The filter option is the name of a file in config/filter.d without the .conf extension. The action field is more interesting. Here, we set as first action the iptables script. Action script can have parameters. Have a look at config/action.d/iptables.conf. Please, be aware that no spaces are allowed in the parameters field. This will be fixed in the future. We define a second action. It will send a notification e-mail. Just replace the dest parameter with your e-mail address. Be aware that the mail script uses the mail command of the system. Ensure this command works on your box.
There is already a few jails template in jail.conf. They should help you starting writing your own jails.
Fail2ban is now composed of two parts: a server and a client. The server listens on a socket and waits for commands. It monitors log files and executes actions. The client part is used to communicate with the server. It converts the config/ settings into commands which are sent to the server through a Unix socket.
For this tutorial, you will need root access. This is not necessary for testing but you will need it to access iptables on most systems.
We will first test whether the configuration directory can be parse correctly. If you do not have a /etc/fail2ban directory with the configuration files, use the -c option to give your configuration folder. Runs the following command:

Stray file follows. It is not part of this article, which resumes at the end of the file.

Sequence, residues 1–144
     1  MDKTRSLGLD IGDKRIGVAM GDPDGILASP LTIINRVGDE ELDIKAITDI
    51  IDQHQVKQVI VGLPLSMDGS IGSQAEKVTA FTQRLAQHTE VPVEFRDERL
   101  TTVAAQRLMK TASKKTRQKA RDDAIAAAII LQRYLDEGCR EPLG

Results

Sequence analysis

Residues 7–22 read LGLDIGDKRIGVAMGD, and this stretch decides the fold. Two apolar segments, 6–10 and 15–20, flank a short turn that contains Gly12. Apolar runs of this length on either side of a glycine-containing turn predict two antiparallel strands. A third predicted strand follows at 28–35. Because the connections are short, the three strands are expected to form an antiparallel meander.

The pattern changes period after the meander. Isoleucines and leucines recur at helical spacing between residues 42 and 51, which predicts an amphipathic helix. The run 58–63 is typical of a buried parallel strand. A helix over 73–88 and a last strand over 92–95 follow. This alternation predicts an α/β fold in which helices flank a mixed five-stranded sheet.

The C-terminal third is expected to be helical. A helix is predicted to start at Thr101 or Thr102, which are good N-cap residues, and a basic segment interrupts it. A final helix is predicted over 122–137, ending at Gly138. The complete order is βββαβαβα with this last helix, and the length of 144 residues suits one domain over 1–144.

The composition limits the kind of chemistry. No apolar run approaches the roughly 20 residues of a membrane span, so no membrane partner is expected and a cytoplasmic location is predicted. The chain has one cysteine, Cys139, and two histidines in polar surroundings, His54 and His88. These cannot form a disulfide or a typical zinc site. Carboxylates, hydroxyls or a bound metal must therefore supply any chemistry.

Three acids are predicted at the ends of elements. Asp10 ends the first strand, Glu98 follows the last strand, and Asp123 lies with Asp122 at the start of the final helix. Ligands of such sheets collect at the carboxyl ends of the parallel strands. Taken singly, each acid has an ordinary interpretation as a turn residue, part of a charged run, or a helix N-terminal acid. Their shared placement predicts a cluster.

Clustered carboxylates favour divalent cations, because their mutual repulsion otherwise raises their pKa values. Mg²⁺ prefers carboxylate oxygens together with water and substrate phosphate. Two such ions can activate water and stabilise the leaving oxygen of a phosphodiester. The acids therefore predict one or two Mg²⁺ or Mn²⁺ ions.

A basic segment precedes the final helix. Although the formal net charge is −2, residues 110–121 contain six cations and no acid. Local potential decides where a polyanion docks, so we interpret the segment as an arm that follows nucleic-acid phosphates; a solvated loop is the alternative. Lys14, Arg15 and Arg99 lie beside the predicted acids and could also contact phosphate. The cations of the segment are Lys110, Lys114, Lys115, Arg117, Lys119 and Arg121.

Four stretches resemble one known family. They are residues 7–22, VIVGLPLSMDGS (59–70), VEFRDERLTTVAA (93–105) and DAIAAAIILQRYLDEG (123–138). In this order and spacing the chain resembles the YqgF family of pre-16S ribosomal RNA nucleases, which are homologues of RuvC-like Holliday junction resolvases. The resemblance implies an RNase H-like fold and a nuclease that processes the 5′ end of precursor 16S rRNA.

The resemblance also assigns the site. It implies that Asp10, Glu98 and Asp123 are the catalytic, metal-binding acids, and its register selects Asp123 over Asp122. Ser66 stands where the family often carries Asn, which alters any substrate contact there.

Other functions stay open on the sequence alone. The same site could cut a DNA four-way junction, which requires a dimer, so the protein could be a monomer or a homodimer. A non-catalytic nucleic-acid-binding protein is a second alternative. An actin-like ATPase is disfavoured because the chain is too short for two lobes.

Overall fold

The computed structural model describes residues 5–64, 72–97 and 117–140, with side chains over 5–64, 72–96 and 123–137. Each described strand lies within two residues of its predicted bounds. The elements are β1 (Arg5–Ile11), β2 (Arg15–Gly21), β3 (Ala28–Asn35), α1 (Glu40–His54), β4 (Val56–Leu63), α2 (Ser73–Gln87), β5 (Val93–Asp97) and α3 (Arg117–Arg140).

# ./fail2ban-client -c ./config -d
# fail2ban-client -d
Check that no exceptions are triggered. Here you should get a lot of output like:
['set', 'loglevel', 3] ['set', 'logtarget', 'STDERR'] ['add', 'ssh'] ['set', 'ssh', 'bantime', 600] ['set', 'ssh', 'logpath', '/var/log/pwdfail/current'] ['set', 'ssh', 'maxretry', 3]
These are the commands which will be sent to the server. You could send them manually with:
# ./fail2ban-client set loglevel 3
But it would be a bit annoying. The whole configuration is automatically sent to the server on startup. So, it is time to start it:
# ./fail2ban-client start
The server should now start monitoring the log file. Look at the server terminal. If you do not see anything, output are maybe redirected into the log file /var/log/fail2ban.log. You can change this in config/fail2ban.conf or, better, create your own config/fail2ban.local. You can also change this in realtime with:
# ./fail2ban-client set logtarget STDERR
All of this without restarting the server which is carefully watching your log files during the operation. Mmmmhhh... Three retries are a bit too agressive? Change the setting with:
# ./fail2ban-client set ssh maxretry 5
You do not need to restart anything. The changes are taken into account directly. Maybe you saw the RRDTool plot at the end of the Screenshots page. The information for this graph come from the following command:
# ./fail2ban-client status ssh Status for the jail: ssh |- filter | |- Currently failed: 0 | `- Total failed: 37 `- action |- Currently banned: 1 `- Total banned: 12
You can stop the server with the following command:
# ./fail2ban-client stop
You can also type all the previous commands in the interactive mode. Simply run:
# ./fail2ban-client -i
You know have a prompt where you can directly type the previous commands without having to call fail2ban-client everytime.
# ./fail2ban-client -i Fail2Ban v0.7.2 reads log file that contains password failure report and bans the corresponding IP addresses using firewall rules. fail2ban> status Status |- Number of jail: 1 `- Jail list: ssh-iptables fail2ban>
If you want to help with Python programming, documentation, etc, do not hesitate to contact me.